• Security Compliance Analyst: A security compliance analyst assesses an organization’s information systems and processes to ensure they comply with legal, regulatory, and industry standards. They monitor compliance with security policies and procedures and modify security frameworks as necessary to adjust to an ever-changing security environment.
  • Cybersecurity Analyst: A cybersecurity analyst protects an organization’s computer systems from cyber attacks. They analyze security risks, develop strategies responsive to known and anticipated risks, monitor systems for security breaches, and respond to security incidents as needed.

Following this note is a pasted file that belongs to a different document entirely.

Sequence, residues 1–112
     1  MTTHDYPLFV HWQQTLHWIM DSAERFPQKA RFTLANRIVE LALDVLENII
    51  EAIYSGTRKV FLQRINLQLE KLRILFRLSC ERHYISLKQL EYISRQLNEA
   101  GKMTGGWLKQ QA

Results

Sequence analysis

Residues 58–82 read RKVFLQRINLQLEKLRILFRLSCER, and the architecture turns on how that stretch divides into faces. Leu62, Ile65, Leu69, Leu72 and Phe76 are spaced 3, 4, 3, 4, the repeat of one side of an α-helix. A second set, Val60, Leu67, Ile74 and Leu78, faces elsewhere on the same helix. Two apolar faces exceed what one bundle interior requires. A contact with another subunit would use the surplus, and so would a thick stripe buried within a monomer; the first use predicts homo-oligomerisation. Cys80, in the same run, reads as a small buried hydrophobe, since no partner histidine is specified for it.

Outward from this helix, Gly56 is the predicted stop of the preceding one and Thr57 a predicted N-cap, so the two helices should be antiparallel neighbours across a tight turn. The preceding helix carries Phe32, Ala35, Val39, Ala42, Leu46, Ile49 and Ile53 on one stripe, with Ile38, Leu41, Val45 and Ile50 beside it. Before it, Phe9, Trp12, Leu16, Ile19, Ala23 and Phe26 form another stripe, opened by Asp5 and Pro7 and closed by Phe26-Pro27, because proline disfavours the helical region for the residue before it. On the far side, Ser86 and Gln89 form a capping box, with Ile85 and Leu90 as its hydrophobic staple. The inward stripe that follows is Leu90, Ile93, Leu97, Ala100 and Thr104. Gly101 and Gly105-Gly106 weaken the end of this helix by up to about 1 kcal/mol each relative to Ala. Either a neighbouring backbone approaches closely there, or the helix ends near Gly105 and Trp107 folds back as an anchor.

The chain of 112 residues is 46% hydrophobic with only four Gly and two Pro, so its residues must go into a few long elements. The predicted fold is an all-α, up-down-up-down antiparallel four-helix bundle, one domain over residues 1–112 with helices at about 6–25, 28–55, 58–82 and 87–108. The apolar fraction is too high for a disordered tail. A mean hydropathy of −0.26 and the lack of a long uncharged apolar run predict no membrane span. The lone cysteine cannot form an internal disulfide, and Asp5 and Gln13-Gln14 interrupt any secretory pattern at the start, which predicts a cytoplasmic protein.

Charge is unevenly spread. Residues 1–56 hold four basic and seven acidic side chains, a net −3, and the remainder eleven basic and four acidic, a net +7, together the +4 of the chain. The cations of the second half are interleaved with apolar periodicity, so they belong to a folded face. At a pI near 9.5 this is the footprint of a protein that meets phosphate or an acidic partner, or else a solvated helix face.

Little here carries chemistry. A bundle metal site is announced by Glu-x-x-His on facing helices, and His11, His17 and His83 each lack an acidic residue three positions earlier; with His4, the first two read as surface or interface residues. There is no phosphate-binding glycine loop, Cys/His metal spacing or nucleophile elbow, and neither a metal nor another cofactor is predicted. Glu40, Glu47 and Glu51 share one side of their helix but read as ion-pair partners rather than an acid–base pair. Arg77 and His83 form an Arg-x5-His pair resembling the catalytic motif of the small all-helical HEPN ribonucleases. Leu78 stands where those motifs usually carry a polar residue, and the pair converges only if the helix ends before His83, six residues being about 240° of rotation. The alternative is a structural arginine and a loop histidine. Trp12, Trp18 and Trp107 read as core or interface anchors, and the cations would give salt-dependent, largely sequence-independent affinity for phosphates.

• Information Security Manager: An information security manager oversees an organization’s information security framework and related systems. They manage security personnel, develop security policies and measures, and ensure that this security framework remains effective and designed to meet current security risks.
  • Incident Response Analyst: An incident response analyst responds is a primary individual among those who respond to security incidents. They act to mitigate the impacts of such incidents by working promptly to identify the source of the attack, contain the damage, and restore systems to normal functioning.

The BLS indicates the following salary percentiles for information security analysts (BLS May 2022):

  • Employment: 163,690
  • Annual mean wage: $119,860
  • 10th percentile: $66,010
  • 25th percentile: $85,270
  • 50th percentile (median): $112,000